I think I’ve briefly covered this topic before, but it’s always good to have a refresher!
It has been 36 years since the very first MA in Creative Writing began in Britain, at the University of East Anglia. Since then, it similar courses have sprung up all across the country, with ninety-eight institutions offering degrees wholly dedicated to Creative Writing or, as I studied, combined degrees which still place a great focus on Creative Writing.
I studied English Language, combined with Creative Writing – meaning that, whenever I tell people what degree I’ve done, I sometimes find myself dropping the Creative Writing aspect – but I primarily consider myself to be a Creative Writing Student.
I have paid a little over £9,000 for the privilege of those three years when, looking back, I have done very little of any actual worth. In my opinion, a Creative Writing degree is less around the actual writing itself, or it certainly was for me, it was simply an excuse to have three more years in education, but a lazy kind of education.
It was an excuse to have the freedom to write; I think that is the single advantage of the Creative Writing MA. I didn’t learn anything during class, except one narrative rule in the final year which I completely rejected, but it gave me three years in which I was, essentially, outside of the ‘real world’ – with so few taught hours and, instead, a heavy focus on reading extraordinary amounts of classic and contemporary literature, it meant I enjoyed a kind of freedom that I highly doubt I will ever see again.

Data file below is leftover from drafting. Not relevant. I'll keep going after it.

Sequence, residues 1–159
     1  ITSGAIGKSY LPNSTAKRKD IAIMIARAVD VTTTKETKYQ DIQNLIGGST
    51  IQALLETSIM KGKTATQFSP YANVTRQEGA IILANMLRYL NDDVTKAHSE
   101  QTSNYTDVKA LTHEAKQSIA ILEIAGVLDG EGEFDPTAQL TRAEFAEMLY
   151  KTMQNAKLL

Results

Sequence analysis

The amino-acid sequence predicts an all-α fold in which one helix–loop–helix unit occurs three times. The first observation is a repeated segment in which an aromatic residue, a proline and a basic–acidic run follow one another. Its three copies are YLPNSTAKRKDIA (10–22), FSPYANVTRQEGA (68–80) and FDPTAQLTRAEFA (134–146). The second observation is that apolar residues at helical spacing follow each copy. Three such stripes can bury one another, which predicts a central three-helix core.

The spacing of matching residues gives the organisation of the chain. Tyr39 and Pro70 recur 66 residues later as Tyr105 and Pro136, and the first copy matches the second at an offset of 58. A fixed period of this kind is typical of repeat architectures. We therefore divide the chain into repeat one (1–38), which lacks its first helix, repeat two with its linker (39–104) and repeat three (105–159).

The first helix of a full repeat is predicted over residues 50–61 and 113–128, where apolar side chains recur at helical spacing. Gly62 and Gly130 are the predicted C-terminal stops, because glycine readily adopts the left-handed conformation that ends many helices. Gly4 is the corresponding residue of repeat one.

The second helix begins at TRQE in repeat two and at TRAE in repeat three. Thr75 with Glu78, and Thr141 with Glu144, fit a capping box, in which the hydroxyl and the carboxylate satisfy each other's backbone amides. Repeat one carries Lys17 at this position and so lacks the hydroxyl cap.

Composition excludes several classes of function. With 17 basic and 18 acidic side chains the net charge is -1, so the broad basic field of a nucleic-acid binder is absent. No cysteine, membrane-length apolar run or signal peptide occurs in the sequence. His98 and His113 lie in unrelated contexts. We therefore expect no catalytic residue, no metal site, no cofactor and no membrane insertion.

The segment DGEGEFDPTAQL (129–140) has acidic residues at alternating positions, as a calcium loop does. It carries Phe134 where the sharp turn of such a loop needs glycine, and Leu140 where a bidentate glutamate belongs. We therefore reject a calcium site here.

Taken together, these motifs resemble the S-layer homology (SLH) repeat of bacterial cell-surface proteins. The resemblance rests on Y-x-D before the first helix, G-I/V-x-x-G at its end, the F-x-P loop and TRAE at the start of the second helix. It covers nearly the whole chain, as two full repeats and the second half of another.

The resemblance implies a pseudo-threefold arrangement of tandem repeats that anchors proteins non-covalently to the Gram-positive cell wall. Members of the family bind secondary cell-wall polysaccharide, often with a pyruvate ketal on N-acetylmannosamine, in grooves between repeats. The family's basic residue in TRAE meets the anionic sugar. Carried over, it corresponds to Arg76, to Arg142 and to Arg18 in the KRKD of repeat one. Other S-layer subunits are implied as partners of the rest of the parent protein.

Whilst this is the part of the course I enjoyed the most, the freedom, I think it is also the main reason that many students leave education unprepared for life – or, if not unprepared, then against society in some vaguely revolutionary way. I mean, I’m not a fan of society; I think that it is crass and sickening and I’m amazed that so bland an existence should be shared by so many people, particularly when everyone I’ve spoken to has agreed that current society is unnatural.
Life, modern life, breeds apathy, I think; freedom rejects such apathy but, often, it can leave the student self-obsessed, desperate to seek their own happiness above the good of their community. I, in fact, don’t really think of myself as belonging to a community – I’m hardly a writer, I’m essentially unemployable (though I’ve proven on these internships that I am willing to work exceedingly hard) and I don’t really fit in anywhere.
You see? This little post started as an opinion on Creative Writing and, suddenly, it’s all about me. Ah well, maybe I’d have turned out this way anyway, with or without a university education hanging over my head, and a degree dangling slackly from around my throat.